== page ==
For those who do not know I got a second job for the summer working at a small community pool in Lufkin. When I first heard about the position I was interning at Impact Lufkin and working with wards 1&2 gathering information for the city to help and improve this part of Lufkin. As a social work intern, I began to fall in love with this area and everyone that was a part of it. Wards 1&2 were full of generational families and everyone knew everyone which made it feel like no matter where you went you were part of the family. But as I began to really become interested in the position I was given many warnings that I should think about finding something else.
Now me being stubborn and hard headed made me want to prove something to all of these people. This park that I have been working at one time was known as the place you could go to do basically anything illegal. It is centered in the heart of North Lufkin and is considered the “Gateway” to Lufkin. This community is also surrounded by poverty. These and many other things were warnings that made me roll my eyes and say that I was up for the challenge. I kept telling myself and others that if I could go on the other side of the world, not speak some of the languages of the countries I visited and ride buses and subways alone at night I would be able to handle a small 60ft pool in broad daylight.
When I went to my certification course my instructor found out that I would be working at this community pool and told me that he too had worked there the last time that it was open (over 4 years ago). He informed me of how the last time he worked there he watched a lifeguard get jumped and slammed into the concrete moments before he was pulled off the stand and jumped himself. Now me being the “bigger bark than bite” type of person I am I immediately came back with “I hope they try me”.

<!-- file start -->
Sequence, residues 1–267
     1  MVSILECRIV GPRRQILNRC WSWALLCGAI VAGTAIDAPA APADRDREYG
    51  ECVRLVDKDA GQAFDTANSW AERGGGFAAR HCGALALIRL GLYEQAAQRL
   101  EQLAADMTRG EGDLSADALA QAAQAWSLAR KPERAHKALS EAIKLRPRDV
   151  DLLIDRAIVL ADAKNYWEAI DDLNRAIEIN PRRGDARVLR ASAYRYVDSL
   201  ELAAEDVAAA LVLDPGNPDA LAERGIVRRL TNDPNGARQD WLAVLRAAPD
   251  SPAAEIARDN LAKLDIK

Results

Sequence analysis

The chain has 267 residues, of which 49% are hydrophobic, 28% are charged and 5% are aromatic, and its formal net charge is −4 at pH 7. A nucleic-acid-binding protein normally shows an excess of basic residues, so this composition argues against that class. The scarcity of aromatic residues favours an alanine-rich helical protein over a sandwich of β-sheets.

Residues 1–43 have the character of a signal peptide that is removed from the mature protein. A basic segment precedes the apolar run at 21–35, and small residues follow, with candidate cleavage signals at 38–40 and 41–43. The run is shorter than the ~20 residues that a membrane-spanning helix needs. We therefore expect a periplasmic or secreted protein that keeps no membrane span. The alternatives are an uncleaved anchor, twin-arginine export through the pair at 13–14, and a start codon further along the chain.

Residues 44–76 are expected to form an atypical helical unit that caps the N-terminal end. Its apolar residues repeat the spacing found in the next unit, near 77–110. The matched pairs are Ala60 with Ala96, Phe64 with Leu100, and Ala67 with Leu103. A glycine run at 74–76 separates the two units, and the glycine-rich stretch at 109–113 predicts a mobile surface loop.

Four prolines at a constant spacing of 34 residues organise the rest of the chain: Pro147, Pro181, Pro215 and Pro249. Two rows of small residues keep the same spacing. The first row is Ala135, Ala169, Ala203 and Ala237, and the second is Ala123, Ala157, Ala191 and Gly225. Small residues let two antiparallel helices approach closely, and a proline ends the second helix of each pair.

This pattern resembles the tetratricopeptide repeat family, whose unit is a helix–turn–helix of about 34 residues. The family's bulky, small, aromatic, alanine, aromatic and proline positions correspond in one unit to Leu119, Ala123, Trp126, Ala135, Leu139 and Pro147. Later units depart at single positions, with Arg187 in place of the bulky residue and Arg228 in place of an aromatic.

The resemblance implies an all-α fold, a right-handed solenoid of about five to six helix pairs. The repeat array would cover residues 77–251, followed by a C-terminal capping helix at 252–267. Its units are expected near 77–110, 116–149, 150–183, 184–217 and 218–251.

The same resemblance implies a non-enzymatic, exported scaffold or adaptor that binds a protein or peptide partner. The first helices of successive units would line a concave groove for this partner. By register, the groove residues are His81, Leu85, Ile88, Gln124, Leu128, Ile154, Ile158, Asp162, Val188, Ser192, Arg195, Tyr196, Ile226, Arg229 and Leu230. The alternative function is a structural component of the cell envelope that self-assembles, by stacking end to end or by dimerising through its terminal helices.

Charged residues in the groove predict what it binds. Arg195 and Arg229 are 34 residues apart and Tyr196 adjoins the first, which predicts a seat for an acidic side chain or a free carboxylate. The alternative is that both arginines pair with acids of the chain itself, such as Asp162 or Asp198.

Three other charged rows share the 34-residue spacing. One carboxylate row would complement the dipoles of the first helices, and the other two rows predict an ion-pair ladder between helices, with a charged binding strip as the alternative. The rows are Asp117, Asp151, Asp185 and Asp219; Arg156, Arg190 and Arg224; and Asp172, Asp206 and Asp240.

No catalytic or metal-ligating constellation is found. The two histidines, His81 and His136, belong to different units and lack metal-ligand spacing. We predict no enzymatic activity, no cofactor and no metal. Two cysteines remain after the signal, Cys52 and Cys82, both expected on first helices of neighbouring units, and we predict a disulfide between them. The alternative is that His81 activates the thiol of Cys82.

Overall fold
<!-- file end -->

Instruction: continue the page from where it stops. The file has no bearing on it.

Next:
Now fast forward to today, July 1, 2017. I have been a lifeguard at this community pool for over three weeks now and the most action I have seen from all the warnings is a kid cussing my supervisor out after I told him to shut the fence after he left. That was two days into the pool being open. Every other kid that has come through my front gate has been some of the most amazing and sweetest kids ever! I have begun to remember names, get life stories and watch these kids interact with each other.
It’s amazing. The pool opens at 2 pm and by the time that I am pulling in they have recognized my car and will run over and want to just talk about their day and how much they can’t wait to get in there and swim. The kids have even gotten to the point where you can tell how much they want the pool to stay open so they will call the other kids out so that we do not have to.
My favorite part of the day I will have to say is when I see the kids roll up on their bikes when we open and getting in those first few minutes of “What’s Up!” “How’s it going?” “Where is so and so?” During the breaks, the kids used to go outside the gates but now they want to hang around us and talk like we have known each other forever! On days that I know that we will be slower I will bring in snacks for this kids because for some it is one of the only things they will get to eat that day. Today I brought popsicles and you would have thought I had handed them each $100. They were so pumped about those popsicles and thank the lord I bought 150 of them because they flew through them. It honestly brings joy to my heart to hear about these kids daily lives.
I write all of this because I feel for the first time in my life I am where I am supposed to be. Becoming a social worker is the right track for me and I know that because of these kids. I love getting to interact with them and I love being able to get to know them and to listen to their stories. I have lived at both ends of the socioeconomic scale so I am able to relate to these kids in some sort of way. I grew up with two very hard working parents who did anything and everything that they could to make sure that I was taken care of and I was able to live a normal life. Later on, I gained two more parents that continued to instill hard work and dedication. These kids have taught me that no matter what is going on in your life, the world or even down the block sometimes you just have to hang on, take a step back and take in everything that surrounds you because that is what makes up a happy life.